Fig. 5

Involvement of ROS generation in cytotoxicity and DNA damage induced by terfenadine. a, b Effects of vitamin E (vit E) on cell death and DNA damage induced by TEF in A375 melanoma cells. a Cells were treated with 10 μM TEF/SS or 10 μM TEF for the indicated times; either in the presence or in the absence of 100 μM vit E. Cell viability was assessed using the XTT viability assay. Data represent mean ± SD of three determinations from three separate experiments. NSP values > 0.5; **P values < 0.01. b Western blot analysis of H2A.X (pSer139) normalized with actin. 50 μg of total cell extracts were separated by SDS–polyacrylamide gel electrophoresis and analyzed by immunoblotting. A375 cells were treated with 10 μM TEF/SS or with 10 μM TEF either in the presence or in the absence of 100 μM vit E for the indicated periods of time. c, d Effects of vitamin E (vit E) on cell death and DNA damage induced by TEF in HT144 melanoma cells. c Cells were treated with 10 μM TEF for 28 h; either in the presence or in the absence of 100 μM vit E. Cell viability was assessed using the XTT viability assay. Data represent mean ± SD of three determinations from three separate experiments. **P values < 0.01. d Western blot analysis of cleaved caspase-3 and H2A.X (pSer139) normalized with actin. 50 μg of total cell extracts were separated by SDS–polyacrylamide gel electrophoresis and analyzed by immunoblotting. HT144 cells were treated with 10 μM TEF either in the presence or in the absence of 100 μM vit E for 28 h

Involvement of ROS generation in the p53/p73 pathway induced by terfenadine

p53/p73 pathway were analyzed by Western Blot and we found that p53, p73 and p21 levels decreased in TEF/SS treated A375 cells but no alteration of Noxa levels was observed (Fig. 6a). Conversely, an increase of p53, p73, p21 and Noxa protein levels was observed in cells treated with TEF in complete medium (Fig. 6c), suggesting that under these conditions, the p53/p73 pathway could be involved inn TEF-induced apoptosis.
Fig. 6

Involvement of ROS generation in the p53/p73 pathway induced by TEF. Western blot analysis of p53 (pSer15), p73, p21, and Noxa normalized with actin. 50 μg of total cell extracts were loaded per lane. A375 cells were treated with 10 μM TEF/SS in a and b or with 10 μM TEF in c and d, either in the presence b, d or in the absence a, c of 100 μM vitamin E (vit E) for the indicated times. e HT144 cells were treated with 10 μM TEF in the presence or in the absence of Vit E for 28 h

We further analyzed the effect of ROS in p53/p73 pathway activation. As expected, the presence of vitamin E did not alter the expression of tested proteins in TEF/SS-treated cells (Fig. 6b). However, when A375 cultures were treated in complete medium, vitamin E significantly reduced TEF-induced p73 accumulation and Noxa expression but did not block p53 and p21 induction (Fig. 6d). Similar results were obtained with HT144 cells treated with TEF in complete medium, in the absence or presence of Vit E (Fig. 6e).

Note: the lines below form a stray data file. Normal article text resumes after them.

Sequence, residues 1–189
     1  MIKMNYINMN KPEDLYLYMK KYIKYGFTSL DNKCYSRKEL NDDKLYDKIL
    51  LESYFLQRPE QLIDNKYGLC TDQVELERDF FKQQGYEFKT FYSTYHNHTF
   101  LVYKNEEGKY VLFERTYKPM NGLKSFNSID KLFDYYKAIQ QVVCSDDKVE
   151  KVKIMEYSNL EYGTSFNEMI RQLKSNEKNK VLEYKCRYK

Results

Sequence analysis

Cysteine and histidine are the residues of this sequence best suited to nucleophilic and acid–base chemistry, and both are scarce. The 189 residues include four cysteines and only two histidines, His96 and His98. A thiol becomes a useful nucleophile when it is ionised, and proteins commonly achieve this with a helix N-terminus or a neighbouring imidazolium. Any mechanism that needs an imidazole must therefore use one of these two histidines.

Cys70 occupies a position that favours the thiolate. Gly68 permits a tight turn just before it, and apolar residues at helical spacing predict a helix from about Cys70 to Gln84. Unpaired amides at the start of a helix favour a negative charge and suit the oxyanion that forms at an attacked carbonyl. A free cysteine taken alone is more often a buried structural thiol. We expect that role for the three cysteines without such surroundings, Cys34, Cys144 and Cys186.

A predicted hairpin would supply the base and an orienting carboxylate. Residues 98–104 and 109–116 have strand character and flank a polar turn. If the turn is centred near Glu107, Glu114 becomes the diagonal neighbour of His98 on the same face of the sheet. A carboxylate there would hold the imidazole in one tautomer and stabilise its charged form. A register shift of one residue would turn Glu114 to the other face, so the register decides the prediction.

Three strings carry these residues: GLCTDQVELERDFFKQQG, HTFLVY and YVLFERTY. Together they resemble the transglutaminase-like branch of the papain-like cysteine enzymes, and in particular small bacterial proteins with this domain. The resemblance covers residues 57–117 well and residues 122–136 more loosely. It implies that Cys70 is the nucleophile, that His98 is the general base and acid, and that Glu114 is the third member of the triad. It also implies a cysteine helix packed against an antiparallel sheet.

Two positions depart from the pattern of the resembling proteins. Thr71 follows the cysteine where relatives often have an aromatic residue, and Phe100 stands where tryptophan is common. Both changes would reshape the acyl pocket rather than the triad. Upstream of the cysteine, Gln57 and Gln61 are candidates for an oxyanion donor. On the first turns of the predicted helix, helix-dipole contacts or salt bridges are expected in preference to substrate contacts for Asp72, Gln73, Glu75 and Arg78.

p73 localization assay by confocal microscopy demonstrated that 16 h of TEF treatment induced p73 translocation from cytoplasm to the nucleus in A375 cells (Fig. 7a), which reflects its activation. Moreover, vitamin E partially prevents this translocation, indicating ROS dependence. We also studied cytochrome c localization by confocal microscopy. As shown in Fig. 7b, TEF treatment for 16 h induced cytochrome c release from mitochondria to cytosol, as is reflected by the transition from a punctate distribution in the cytoplasm in control cells to diffuse localization in the cytoplasm in treated cells. Vitamin E also partially prevented cytochrome c release from the mitochondria to the cytosol. Overall, these results indicate that p73 and Noxa induction by TEF—but not p53 and p21 induction—depend on ROS generation and that the mitochondrial apoptotic pathway is involved in TEF-induced apoptosis.
Fig. 7

Terfenadine induces ROS-dependent p73 nuclear translocation and cytochrome c release. a p73 localization analysis. A375 control cells and 10 μM TEF-treated cells for 16 h, either in the presence or in the absence of 100 μM vitamin E (vit E) were labeled for p73 (green), and then nuclei were counterstained with 4′,6-diamidino-2-phenylindole (blue). b Cytochrome c localization analysis. Control and 10 μM TEF-treated cells for 16 h, either in the presence or in the absence of 100 μM vit E were labeled for cytochrome c (green), and then cells were incubated with 4′,6-diamidino-2-phenylindole to stain the nucleus (blue). The cells were viewed and analyzed with a confocal microscope. Bars 10 μm

Terfenadine induces p53-independent citotoxicity

Since vitamin E prevents cytotoxicity induced by TEF, but not p53 expression increase, we assessed the effect of cyclic pifithrin-alpha (PFT-α), a pharmacological inhibitor of p53 transcriptional activity, on cell viability of cells treated with TEF during 24 h in complete medium. We found that PFT-α did not prevent the cytotoxic effect of TEF either in A375 (Fig. 8a) or in HT144 (Fig. 8b). These results indicate that TEF induces apoptosis independently of p53 transcriptional activity in melanoma cells.
Fig. 8

Effect of p53 inhibition on cell death induced by TEF. A375 (a) and HT144 melanoma cells (b) were incubated with 30 μM pifithrin-alpha (PFT-α) during 1 h before 10 μM TEF addition for 28 h in complete medium. Then, cell viability was assessed using the XTT viability assay. Data represent mean ± SD of three determinations from three separate experiments. NSP values > 0.5

Terfenadine induces autophagy by ROS-dependent and -independent mechanisms